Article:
I’ve had a complicated relationship with my nails all my life, but I pushed the symptoms aside with a shrug, thinking that my nails just didn’t grow. A mani/pedi outing with the girls was always just a pedicure for me and then waiting for the others to finish getting manicures or acrylic nails put on. “What’s the point?” I would say to myself. “I don’t have any nails to manicure, and they feel heavy enough as is.”
It wasn’t until my rheumatologist was inspecting my hands that I learned there was a connection between my psoriasis, psoriatic arthritis (PsA) and the condition of my nails.
The nail is composed of three main parts: the nail plate (the actual nail), the nail bed (what the nail plate rests on) and the nail matrix (where the nail is formed). The part of the nail affected will determine the symptoms that show in your nail. Pits, horizontal lines, deformity, discoloration, onycholysis (lifting of the nail plate from the nail bed), brittle nails that crumble or splinter, and thickening of the nails can all be signs that nail psoriasis is present.
Apart from my pinky fingernails, every one of my fingernails is affected by nail psoriasis in some way, shape or form. My thumbnails feel heavy and have V-shaped peaks, horizontal ridges, cuticles and hangnails that crack and bleed. My ring, middle and index fingernails are brittle, have splinter hemorrhages (tiny blood spots that appear underneath fingernails and toenails) and break in a way that reminds me of peeling away the layers of a biscuit.
My middle and index fingers and my thumbs are all affected by onycholysis. Have you ever jumped into a freezing cold body of water, and as you surfaced tried to hide the pain with a straight face in front of your friends? That is what washing my hands feels like during a flare-up of onycholysis.
Even writing a story like this one can be a challenge. My nails start to feel heavy, and my joints puff up if I’m constantly typing or texting.
Psoriasis and your nails
Ronald Prussick, M.D., a dermatologist practicing in Rockville, Maryland, since 1995, is often the first person to tell patients about the connection between their psoriasis and the condition of their nails.
More than 35 percent of people with psoriasis will develop nail psoriasis. This high percentage, coupled with the fact that nail involvement is often indicative of severe psoriasis, has Prussick checking the nails of every patient who has or is suspected of having psoriasis.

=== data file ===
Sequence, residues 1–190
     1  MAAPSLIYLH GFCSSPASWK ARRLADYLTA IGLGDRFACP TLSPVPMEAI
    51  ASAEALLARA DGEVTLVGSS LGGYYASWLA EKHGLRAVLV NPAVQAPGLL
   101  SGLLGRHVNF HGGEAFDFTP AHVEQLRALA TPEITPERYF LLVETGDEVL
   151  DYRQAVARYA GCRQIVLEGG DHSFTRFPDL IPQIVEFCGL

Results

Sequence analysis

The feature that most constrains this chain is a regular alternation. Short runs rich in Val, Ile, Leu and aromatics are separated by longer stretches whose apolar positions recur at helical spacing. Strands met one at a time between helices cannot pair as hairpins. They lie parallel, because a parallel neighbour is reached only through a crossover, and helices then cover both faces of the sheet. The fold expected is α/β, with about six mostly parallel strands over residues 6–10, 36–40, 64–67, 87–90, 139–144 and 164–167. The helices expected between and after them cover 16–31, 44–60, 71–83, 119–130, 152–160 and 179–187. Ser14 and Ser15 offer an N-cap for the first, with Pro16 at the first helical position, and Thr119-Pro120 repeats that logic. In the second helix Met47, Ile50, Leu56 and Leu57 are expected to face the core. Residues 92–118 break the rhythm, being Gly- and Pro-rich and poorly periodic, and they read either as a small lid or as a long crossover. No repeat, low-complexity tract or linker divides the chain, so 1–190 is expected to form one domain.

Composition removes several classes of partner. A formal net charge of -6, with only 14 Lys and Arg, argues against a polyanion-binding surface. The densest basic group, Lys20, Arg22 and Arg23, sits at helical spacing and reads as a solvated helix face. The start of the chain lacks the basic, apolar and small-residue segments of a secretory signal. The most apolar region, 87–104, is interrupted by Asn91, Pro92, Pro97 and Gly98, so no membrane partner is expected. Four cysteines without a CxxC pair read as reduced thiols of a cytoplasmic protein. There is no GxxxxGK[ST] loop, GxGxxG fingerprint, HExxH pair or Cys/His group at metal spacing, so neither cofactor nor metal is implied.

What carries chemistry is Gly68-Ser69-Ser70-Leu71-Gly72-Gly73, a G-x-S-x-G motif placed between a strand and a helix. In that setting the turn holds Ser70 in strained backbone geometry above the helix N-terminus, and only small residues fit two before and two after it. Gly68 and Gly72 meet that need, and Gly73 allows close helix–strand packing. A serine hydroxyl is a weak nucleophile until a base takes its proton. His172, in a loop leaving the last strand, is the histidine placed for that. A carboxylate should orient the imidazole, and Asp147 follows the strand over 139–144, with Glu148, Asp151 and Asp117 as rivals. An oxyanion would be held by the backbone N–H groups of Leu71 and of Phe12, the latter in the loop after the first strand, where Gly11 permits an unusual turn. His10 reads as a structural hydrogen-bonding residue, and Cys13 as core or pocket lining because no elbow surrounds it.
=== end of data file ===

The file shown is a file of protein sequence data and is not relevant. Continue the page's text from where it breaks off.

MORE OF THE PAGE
In fact, examination of the nails can sometimes be the only way to diagnose psoriasis if skin lesions are not present or extensive.
Diagnosing nail psoriasis can be difficult, however, because biopsies of the nail are painful. In addition, many of the symptoms point at other conditions, including anemia, thyroid problems, onychomycosis (fungal infection) or a deficiency in zinc, biotin, calcium, protein or vitamin A.
Toenail psoriasis, for example, is commonly misdiagnosed as a fungal infection, and horizontal ridges (known as Beau’s lines) can be a sign of a zinc deficiency. These ridges are present in a person with nail psoriasis because the structures that support and grow the nail – the nail bed and nail matrix – are weak or have suffered an injury resulting in the abnormality.
Prussick says the key with all types of psoriasis is to be gentle. “If you scratch it, it could get worse because an injury can lead to spreading,” Prussick says, referring to the Koebner phenomenon, in which even small traumas to the skin, including friction and rubbing, can intensify psoriasis.
“Aggressive cleaning under the nail can make onycholysis worse and open the nail up to bacterial and fungal infections,” Prussick adds. That explains why the relief I got from removing the buildup under my nails from onycholysis was over so quickly.
What your nails can tell you about PsA
When it comes to psoriatic disease, the nails also can be a sign that something even bigger could be brewing.
Evan L. Siegel, M.D., a rheumatologist who shares a practice with Prussick in Rockville, Maryland, believes the main point to take away is that for patients with psoriasis, nail involvement is a risk factor for developing PsA.
“A person who has nail psoriasis has a threefold increased risk for developing PsA, which translates to around 80 percent of people with PsA having nail involvement,” says Siegel.